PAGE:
• Fewer than 10% of SMEs say they’d prefer to fund their business growth using property as security, and one in five cited not having to borrow against property as the main benefit of non-bank lending. In light of national property market falls, SMEs whose credit is tied to property will face an increasing challenge in funding growth.
• Despite an SME lending landscape dominated by the Big Four banks and their subsidiaries, only 4% of SMEs say they would never consider borrowing from an alternative lender. This is good news for the emerging fintech industry, and the long-established debtor finance sector, who are offering SMEs a broader range of funding options beyond the banks than ever before.
• Growth SMEs recorded a 2% drop in intention to fund growth by borrowing from their main relationship bank. This bank borrowing intention, now sitting at just under 23%, has continued to fall since the Index began in 2014.

• SME owners don’t clock off. Despite technical and digital innovations, more than 40% of business owners put in 60-80 hours a week on the job and one in five clock 80+ hours a week.
• Two-thirds of SMEs said their major cause of sleepless nights is not having enough time in the day to get everything done. This was the second biggest SME issue, only cash flow caused more concerns.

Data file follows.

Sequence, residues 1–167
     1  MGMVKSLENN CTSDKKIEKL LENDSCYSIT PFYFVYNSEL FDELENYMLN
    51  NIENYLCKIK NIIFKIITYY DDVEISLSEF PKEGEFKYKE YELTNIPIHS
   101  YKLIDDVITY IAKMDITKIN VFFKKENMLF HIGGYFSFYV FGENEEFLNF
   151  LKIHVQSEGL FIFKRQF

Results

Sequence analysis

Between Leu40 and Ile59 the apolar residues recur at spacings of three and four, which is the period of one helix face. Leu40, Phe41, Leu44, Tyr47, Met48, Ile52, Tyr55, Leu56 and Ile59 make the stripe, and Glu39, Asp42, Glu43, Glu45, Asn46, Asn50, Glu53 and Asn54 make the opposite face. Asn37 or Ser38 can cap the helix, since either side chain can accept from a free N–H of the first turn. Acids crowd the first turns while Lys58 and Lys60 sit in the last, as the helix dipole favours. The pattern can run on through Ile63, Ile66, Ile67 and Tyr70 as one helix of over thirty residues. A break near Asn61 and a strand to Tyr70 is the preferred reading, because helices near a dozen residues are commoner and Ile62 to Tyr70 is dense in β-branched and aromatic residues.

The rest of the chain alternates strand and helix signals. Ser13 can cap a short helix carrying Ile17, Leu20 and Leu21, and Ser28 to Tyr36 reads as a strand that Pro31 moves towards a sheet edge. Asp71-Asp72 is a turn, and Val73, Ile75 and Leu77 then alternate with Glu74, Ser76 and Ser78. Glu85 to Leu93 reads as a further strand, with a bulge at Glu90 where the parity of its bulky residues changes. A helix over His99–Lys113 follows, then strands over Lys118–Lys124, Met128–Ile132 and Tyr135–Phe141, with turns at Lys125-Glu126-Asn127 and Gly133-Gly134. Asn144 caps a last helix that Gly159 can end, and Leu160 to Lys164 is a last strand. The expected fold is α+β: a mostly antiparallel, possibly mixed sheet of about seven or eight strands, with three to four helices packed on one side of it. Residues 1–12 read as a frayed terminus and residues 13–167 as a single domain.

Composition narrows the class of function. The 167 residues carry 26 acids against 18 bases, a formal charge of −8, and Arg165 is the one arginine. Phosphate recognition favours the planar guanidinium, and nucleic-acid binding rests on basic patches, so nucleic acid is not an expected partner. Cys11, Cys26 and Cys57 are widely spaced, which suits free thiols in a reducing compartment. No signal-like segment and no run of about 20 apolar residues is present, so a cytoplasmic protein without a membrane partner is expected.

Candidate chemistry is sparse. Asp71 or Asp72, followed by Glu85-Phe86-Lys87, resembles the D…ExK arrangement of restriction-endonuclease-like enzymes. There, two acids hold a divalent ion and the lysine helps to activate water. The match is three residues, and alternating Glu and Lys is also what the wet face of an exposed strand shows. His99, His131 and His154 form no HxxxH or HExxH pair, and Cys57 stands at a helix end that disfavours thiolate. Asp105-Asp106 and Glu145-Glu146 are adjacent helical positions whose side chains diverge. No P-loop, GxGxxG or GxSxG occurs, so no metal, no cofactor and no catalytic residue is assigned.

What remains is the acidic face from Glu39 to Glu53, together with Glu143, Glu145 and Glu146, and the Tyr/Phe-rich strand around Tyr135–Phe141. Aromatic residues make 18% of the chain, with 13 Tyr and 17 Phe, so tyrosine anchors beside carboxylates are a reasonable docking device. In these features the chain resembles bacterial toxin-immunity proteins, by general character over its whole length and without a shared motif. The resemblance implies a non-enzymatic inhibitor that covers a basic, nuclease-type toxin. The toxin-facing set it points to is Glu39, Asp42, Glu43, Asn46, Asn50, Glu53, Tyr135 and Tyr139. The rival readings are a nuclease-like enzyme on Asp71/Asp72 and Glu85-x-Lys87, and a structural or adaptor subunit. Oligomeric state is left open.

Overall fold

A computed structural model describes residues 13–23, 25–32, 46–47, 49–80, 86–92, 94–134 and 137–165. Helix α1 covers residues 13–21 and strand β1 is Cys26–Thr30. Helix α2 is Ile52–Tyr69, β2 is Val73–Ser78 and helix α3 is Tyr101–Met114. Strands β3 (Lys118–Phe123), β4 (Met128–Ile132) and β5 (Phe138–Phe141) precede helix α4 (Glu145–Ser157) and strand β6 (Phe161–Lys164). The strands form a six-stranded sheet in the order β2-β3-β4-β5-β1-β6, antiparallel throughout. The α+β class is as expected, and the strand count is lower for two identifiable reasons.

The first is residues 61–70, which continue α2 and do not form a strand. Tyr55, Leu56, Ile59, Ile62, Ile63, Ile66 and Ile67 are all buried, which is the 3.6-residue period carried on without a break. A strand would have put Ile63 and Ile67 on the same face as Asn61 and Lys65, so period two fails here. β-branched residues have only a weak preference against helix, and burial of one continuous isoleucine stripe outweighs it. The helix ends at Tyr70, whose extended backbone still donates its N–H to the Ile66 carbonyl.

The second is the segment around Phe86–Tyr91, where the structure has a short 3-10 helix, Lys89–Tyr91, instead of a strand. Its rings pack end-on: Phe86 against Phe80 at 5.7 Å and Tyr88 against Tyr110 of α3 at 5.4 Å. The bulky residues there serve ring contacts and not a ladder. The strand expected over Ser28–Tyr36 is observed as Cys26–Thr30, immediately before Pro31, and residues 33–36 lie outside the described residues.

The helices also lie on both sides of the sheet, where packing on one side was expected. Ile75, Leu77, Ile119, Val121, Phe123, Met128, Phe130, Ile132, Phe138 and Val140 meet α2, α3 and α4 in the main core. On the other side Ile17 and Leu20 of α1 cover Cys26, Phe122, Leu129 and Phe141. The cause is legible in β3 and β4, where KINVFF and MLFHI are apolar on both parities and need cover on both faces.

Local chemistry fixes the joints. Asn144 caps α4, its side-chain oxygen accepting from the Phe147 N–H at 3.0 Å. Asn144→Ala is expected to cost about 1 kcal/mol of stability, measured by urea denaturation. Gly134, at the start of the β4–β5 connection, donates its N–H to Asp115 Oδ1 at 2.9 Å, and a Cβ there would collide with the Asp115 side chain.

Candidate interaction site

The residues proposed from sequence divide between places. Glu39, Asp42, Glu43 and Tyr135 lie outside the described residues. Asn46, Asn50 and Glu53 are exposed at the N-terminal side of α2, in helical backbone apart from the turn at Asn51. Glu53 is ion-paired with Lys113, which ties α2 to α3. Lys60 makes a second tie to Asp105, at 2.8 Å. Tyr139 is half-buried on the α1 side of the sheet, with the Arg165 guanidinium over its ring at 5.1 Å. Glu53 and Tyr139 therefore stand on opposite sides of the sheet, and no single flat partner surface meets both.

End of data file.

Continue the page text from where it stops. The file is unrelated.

• A growing number of SMEs (25%, up from 17% in 2016) are worried about the potential for sudden disruption of their business model.

• More than a third of respondents (37%) identify as growth businesses. It is these businesses who are really feeling the pinch from cash flow issues. 59% of growth SMEs are seeking additional finance to fund projected growth, with one in three looking to borrow $50,000-$250,000 and a similar proportion seeking $500,000-$2million.
• About one-quarter of SMEs expect revenue to hold steady, and one-quarter expect revenue to decline, by an average of 6%. For those with declining revenue, the range of predicted decline (5-13.5%) is almost double that of 2014.

By far the most common way for SMEs to fund growth is to use their own funds (89%), ahead of borrowing from their primary bank (23%), using alternative lenders (15%), taking on new equity (13%) and borrowing from secondary banks (10%).
“It’s crucial to have reliable working capital, yet nine out of 10 SMEs reach into their own pockets to fund growth rather than use options that help them retain working capital within their business,” Mr Smith said.
“Why are so many SMEs using inflexible, debt such as personal credit cards instead of more sustainable funding solutions that would allow them to grow without such intense cash flow pressures?”